In which areas of development is innovation most urgently needed?
The panel answered that innovation is urgently need in all sectors, but stressed food security, global health, and climate change as key focus areas.
How can we best involve youth in the innovation conversation?
The panel answered that it is important to engage college students in the US through university partnerships. They discussed USAID’s University Engagement program specifically, and talked about harnessing the power of the Internet to engage students in the developing world.
How can development partners support home-grown innovation in developing countries?
Similar to the above question, the panel talked about supporting students in developing countries and giving them platforms to voice their opinions. They also said that giving direct support to innovative projects and building networks of partnerships were important to foster home-grown innovation.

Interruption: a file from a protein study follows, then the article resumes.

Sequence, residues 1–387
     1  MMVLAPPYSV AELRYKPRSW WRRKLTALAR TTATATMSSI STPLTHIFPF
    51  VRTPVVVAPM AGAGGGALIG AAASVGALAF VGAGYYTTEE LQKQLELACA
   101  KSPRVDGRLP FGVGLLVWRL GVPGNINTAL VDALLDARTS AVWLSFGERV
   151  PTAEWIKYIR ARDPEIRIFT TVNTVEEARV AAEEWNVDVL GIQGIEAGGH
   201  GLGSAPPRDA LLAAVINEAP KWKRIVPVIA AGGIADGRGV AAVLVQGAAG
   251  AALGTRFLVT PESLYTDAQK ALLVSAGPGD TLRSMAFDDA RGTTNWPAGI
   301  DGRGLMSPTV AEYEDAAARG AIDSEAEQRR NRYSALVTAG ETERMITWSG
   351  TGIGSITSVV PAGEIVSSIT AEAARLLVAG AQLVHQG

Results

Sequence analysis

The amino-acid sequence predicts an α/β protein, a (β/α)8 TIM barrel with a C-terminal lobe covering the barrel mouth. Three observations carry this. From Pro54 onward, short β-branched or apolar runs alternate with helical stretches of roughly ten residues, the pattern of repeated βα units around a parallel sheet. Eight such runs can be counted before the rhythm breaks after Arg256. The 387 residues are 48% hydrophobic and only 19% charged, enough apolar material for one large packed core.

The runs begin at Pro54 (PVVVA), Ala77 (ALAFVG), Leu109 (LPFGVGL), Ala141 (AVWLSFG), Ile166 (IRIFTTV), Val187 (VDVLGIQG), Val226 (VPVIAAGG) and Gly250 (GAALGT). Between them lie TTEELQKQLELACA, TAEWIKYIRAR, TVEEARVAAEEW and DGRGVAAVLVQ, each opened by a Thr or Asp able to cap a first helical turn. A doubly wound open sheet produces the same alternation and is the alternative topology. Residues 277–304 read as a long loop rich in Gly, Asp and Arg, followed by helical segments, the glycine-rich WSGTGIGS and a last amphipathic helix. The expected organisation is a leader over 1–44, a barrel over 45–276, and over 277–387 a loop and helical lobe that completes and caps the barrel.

For more information about the White House’s innovation initiatives, check out their fact sheet, “Harnessing Innovation for Global Development.”
World Bank releases World Development Report 2012
Want to know where women stand worldwide? This week the World Bank released its World Development Report 2012, which focuses on gender equality and development. The report finds that development has closed some gender gaps in educational enrollment, life expectancy, and labor force participation. However, gaps persist in girls’ schooling, access to economic opportunities and household decision-making. Further, “females are also more likely to die, relative to males, in many low-and middle-income countries than their counterparts in rich countries.”
What should be the priorities of policy makers interested in bringing about gender equality? What policy actions will result in the greatest benefit? Explore the report in the link above, or examine the issues by viewing a summary of the report here.